This can be measured by assessing the total number of days per each phase in your hiring process. If this measurement identifies delays or bottlenecks in your recruitment process, it's time to switch things up!
9. Cost per quality applicant
Lastly, assessing the cost of each quality applicant is essential for optimizing your recruitment budget. This KPI may be a bit more abstract than others because the definition of "quality" will differ for every organization.
Individual measurements for this KPI will be up to you and may be assessed via supervisor feedback, self-assessment forms, and performance reviews.
But even though this definition will vary from one company to the next, it's important to identify the factors that define a quality candidate for you and the cost of recruiting, hiring, and onboarding a quality applicant.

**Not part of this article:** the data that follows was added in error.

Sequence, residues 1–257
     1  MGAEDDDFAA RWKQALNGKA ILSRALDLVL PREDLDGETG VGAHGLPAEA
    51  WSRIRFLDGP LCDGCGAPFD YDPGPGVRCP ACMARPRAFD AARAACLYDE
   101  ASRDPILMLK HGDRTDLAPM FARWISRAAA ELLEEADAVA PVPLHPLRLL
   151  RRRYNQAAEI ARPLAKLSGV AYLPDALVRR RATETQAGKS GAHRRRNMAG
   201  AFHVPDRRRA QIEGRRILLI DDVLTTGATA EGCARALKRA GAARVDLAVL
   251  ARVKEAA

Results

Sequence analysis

Defining A New Way to Make Decisions
Until your recruitment process is informed and optimized by the right performance analytics, it can feel like you're playing a video game in hard mode with no hope of it getting easier. In the past, it was assumed that relying on the traditional KPIs we already explored could help you avoid that issue.
But as we move forward into an ever-evolving workforce, it's time to ask if those KPIs are due for an update. Of course, KPIs can and have been helpful in recruitment analytics. Still, when best practices in company culture and business strategy are being improved and redefined, it stands to reason that there might also be a better way to predict and analyze employee performance.
So, what does that look like in practical application? For starters, MSH aims to define a new wave of KPIs that challenges us to look at performance analytics in a bold new light. Historically, KPIs have been used to measure things that happened in the past as a way of anticipating performance in the future.